Good news for Linwood residents – no land clean up needed

Residents living on the site of the former Sun Iron Foundry and Brediland Chemical Works in Linwood are to receive the good news that the land their homes are built on is safe and no major clean-up is needed.

Around 300 homes were built on the former industrial site in the 1960s.

In 2010 Renfrewshire Council began an exhaustive investigation to find out if there was pollution under the ground, after small amounts of black tar started coming to the surface in the Erskinefauld area.

The investigations involved digging boreholes and testing soil and ground water samples taken from gardens and public land in the area.

Councillor Eddie Devine, Convener of Renfrewshire Council’s Environment Policy Board, said, “This is really good news for the residents living in the Erskinefauld area of Linwood. The council has thoroughly checked the ground their homes stand on and they can rest assured it is safe.

“We have consulted closely with NHS Greater Glasgow & Clyde and expert advisers on the results of the investigation. They have confirmed that there is no need for a major clean-up on health grounds.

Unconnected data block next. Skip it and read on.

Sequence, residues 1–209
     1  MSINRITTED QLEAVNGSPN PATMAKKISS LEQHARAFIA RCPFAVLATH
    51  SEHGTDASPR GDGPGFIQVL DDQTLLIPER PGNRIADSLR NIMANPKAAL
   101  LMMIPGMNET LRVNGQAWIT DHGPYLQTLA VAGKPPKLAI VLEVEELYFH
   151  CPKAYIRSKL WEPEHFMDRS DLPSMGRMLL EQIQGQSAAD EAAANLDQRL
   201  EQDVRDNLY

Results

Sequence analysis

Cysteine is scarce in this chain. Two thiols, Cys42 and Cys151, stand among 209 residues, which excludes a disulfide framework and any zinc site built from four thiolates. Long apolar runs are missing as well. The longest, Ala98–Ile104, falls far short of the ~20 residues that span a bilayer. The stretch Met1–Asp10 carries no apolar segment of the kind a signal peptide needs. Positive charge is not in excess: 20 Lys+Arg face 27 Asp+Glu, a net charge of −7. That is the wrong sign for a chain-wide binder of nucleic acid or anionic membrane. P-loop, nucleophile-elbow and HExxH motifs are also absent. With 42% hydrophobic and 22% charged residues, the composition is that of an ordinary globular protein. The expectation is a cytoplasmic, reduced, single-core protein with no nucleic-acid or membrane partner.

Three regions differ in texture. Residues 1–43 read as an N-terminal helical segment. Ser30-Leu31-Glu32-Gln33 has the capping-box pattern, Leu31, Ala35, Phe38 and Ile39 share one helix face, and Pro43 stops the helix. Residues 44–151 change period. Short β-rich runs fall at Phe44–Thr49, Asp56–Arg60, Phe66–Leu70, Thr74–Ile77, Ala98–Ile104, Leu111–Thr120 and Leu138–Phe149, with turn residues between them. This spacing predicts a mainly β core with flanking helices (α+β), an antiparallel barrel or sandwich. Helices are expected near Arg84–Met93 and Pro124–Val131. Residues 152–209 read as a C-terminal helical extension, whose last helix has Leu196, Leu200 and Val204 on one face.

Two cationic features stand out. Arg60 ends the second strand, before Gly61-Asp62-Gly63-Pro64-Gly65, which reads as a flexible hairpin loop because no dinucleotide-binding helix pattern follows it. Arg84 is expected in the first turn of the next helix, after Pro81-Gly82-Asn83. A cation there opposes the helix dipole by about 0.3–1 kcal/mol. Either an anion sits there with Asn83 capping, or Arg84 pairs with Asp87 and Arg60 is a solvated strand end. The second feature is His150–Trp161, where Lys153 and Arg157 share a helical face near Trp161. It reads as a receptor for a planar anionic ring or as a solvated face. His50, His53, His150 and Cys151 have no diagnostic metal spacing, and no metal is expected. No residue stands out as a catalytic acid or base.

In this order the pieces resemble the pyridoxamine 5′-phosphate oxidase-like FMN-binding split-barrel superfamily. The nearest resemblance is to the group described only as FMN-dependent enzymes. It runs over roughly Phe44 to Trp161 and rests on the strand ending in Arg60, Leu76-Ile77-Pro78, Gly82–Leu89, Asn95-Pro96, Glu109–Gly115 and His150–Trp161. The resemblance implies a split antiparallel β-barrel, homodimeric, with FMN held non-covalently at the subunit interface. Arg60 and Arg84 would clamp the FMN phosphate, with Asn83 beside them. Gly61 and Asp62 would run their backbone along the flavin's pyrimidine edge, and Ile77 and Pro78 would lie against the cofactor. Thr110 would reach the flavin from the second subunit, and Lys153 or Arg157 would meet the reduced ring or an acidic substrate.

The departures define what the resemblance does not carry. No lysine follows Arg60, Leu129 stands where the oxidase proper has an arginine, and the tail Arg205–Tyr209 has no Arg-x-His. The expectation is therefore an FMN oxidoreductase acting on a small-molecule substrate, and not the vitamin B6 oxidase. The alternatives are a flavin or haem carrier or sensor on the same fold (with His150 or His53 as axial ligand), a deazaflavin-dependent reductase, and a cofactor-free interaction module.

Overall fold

“Our investigation also involved a wide-ranging review of health statistics. This showed there is no difference between the health of people in Linwood and anywhere else in the west of Scotland.

“This has been a long process and I would like to thank the people of Linwood for their patience while we carried out this work and processed all the information from the test results.”

The results of the investigations will be discussed at a meeting of the council’s Environment Policy Board on 13 March 2013.

The meeting will also hear proposals to cap the ground at Erskinefauld Road play park with a new layer of fresh soil so that it can be brought back into use as public open space.

When the investigation work started residents were advised to avoid contact with the soil as a precaution. This advice no longer needs to be followed.

The west of Scotland’s industrial heritage means that many homes are built on the sites of old factories. Often accurate records aren’t available on how thoroughly these sites were cleaned up when they closed.

Procedures are very different today and developers must agree to clean up land affected by old industries as part of the planning and development process.